If the Flash is so Fast, How Come the Bad Guys Can Run Away?

The Flash superpower is super-speed which he acquires by being able to tap into the 'Speed Force', a mystical source of energy that makes people really fast and stuff. With this, he can do some really neat stuff aside from just ran really fast. For instance, he has complete control over all his molecules and being able to vibrate them at supersonic speeds such that he can pass through walls. He can also use this to obscure his features by vibrating them such that they're blurred to preserve his identity, as the Golden Age Flash Jay Garrick did because his costume was modeled on the Greek/Roman god, Hermes/Mercury and that did not leave any creative room for a mask, because that would be a far too simple an alternative. The Flash can also time-travel, initially with the aid of his Cosmis Treadmill, which was literally a treadmill he used to travel in time.

With a treadmill. Of course.

Here it is in action.

No Bruce, I told you I wouldn't travel back in time to dye Jason Todd's red hair black. I'm... I'm just going to the gym.   

But seriously, how else do you explain Todd going from this,

Sure, Jason... terrific...

To this?

Did he pass mustard? What?

Later the Flash could do time travel without it just because he can tap properly into the Speed Force, run really fast and because he is the Flash.

Of course, I have been saying the Flash rather indiscriminately without clarifying which actual Flash I am talking about, because there have been several. I already discussed Jay Garrick's outstanding lack of a mask for fear of obscuring his dazzling features, but when people talk about the Flash they usually mean either Barry Allen or Wally West, although there is a whole Flash family of super-speeders.

Time for a race at the family reunion? Because what else are people who can ran really fast gonna do? Play Wii?

Personally, my favourite Flash was always Wally. Predominantly because I loved him in Justice League Unlimited. The way in which the writers would have him run in battle, nearly always tripping over or colliding into something, like cracks in the road or a falling car, and his goofy manner resonated with me as a kid.

What can I say?

Wally also had the best rogues gallery, and while a number of his foes were leftovers from Barry Allen's turn as the Fastest Man Alive, Wally's rogues were a collective who conspired crimes together, unlike Batman's own impressive collection of rogues, who often got in each others way or hated each other.

Yeah, Bruce. It must be so hard for you, dealing with the Joker... by himself. With no other super-villains. So hard.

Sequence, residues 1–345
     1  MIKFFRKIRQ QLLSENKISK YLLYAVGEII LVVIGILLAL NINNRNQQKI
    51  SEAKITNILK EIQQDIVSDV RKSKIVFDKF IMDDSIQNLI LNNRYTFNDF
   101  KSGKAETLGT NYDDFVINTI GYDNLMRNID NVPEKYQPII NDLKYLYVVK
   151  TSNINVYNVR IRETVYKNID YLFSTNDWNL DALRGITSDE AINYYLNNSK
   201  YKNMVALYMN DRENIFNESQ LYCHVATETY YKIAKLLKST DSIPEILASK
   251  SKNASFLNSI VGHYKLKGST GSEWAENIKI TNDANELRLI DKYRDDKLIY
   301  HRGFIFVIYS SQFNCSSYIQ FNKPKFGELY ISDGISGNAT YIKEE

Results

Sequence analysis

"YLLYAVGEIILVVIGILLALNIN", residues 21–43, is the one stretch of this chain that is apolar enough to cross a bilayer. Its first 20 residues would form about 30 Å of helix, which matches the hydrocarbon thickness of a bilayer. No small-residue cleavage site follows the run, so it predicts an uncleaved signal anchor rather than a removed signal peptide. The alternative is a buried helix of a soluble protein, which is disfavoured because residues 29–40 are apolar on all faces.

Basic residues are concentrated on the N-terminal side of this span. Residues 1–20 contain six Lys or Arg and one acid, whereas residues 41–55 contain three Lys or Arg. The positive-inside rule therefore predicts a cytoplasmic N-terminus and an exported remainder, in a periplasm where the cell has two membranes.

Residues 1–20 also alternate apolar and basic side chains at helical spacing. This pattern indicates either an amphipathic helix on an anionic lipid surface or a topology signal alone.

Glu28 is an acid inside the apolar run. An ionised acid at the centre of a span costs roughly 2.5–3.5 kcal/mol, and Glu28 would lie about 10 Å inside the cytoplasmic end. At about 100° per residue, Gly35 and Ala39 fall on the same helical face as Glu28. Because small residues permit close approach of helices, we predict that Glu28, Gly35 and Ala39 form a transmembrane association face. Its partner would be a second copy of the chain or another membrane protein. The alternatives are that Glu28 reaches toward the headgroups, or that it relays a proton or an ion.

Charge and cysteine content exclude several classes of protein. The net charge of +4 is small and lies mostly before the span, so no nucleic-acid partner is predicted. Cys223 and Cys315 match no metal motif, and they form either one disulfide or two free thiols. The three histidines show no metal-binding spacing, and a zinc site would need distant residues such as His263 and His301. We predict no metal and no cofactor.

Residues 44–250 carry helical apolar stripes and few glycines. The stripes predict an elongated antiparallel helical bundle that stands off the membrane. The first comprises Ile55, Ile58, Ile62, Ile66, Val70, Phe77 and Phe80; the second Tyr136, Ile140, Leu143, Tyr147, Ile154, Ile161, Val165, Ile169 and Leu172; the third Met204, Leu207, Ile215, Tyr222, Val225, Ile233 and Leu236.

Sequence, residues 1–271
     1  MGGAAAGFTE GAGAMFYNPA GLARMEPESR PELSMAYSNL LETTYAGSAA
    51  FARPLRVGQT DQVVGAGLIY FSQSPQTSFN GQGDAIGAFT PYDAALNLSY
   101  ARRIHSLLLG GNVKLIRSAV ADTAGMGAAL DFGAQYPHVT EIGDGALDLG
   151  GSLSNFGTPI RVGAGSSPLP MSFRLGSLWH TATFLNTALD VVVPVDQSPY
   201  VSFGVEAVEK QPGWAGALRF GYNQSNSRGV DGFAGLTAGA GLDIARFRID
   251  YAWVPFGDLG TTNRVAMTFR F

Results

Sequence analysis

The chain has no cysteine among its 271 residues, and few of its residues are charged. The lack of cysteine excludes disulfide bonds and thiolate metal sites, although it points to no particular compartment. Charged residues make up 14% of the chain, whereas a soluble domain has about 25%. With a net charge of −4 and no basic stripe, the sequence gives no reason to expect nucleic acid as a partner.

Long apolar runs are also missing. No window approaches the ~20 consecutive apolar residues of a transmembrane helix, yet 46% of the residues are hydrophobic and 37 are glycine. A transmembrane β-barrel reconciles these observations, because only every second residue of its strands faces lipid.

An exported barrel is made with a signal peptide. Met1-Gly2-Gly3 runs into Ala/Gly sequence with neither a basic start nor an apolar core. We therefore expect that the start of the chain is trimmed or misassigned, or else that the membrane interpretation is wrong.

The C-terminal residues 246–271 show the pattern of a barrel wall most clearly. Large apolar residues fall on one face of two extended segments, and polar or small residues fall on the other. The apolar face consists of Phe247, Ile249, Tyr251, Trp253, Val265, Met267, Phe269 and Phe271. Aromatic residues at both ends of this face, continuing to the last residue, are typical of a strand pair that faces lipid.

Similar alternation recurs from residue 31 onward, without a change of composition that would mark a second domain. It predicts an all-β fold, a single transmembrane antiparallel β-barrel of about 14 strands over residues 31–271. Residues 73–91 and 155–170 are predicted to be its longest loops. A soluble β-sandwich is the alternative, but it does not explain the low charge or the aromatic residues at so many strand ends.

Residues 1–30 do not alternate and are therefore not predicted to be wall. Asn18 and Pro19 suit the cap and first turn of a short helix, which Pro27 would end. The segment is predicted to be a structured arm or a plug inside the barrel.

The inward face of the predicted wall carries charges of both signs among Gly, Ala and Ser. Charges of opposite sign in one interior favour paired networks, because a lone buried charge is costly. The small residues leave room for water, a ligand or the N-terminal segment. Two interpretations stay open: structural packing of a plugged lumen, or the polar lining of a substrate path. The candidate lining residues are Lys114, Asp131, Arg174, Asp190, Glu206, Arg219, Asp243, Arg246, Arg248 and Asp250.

But there was villain of the Flash that does not get the recognition he deserves as one of comic's most creative characters. I am, of course, talking about the Turtle.

Oh , yeah.
Firstly, aside from the fact he should be named the Tortoise rather than the Turtle, since turtles are actually kinda fast when you put them in water but tortoises are slow no matter what, this is a great idea for a villain of a guy who's really fast. Fast hero = Slow villain. That is mathematics at its most basic. He was a Barry Allen villain and the Flash's first gimmicky villain. However, the Turtle's initial 'power' was his "slow, deliberate planning". No shit. That was his schtick. Making slow and deliberate plans. Apparently he was so successful that he spawned an imitator, Turtle Man, who, in addition to using slow, deliberate planning as a weapon, actually made devices that had a slow theme.

Oh, yeah. 

In his first appearance, Turtle Man broke into a bank and hide himself inside. He then left with the gold/money long after the police came to investigate and it was blocked off as a crime scene. That was some slow and deliberate planning right there. He then tricks the Flash into running into a wall by projecting his shadow on it, just because he can. Later the Turtle takes Turtle Man under his wing as they create an underground crime syndicate without the Flash's knowledge, using that to humiliate and discourage the Flash, eventually kidnapping him because slow and deliberate planning.

The Turtlefather will see you now.

However, when the Flash's super friends came to save him, they eventually got discovered and as Turtle Man want into custody, the Turtle is caught in an explosion as he destroyed his base of operations, although he survives and goes into prison. And this is where it gets cool, somehow, through means never explained in any shape or form, aside from what we gather was some slow and deliberate planning, the Turtle gains the power to steal speed from people, slowing them to a crawl. This is a power which he obviously uses against the Flash, who must run faster than ever before just to break free of the Turtle's deadly speed-stealing powers.

He also got creepy... turtles are supposed to be cute...
But yeah, this was a nice change of pace for the Flash, since he usually fights humans with gimmick guns rather than actual super-villains. Which is why he totally owns them when they're not fighting together, like how he nails Deathstroke here.

No fair, that's cheating. Move like a faster than average person, supersonic is not cool. Not cool.
Poor Wilson. Although good on him for being brave enough to think he could pull off those boots, I mean, wow. I did not know bell bottom boots were even a thing.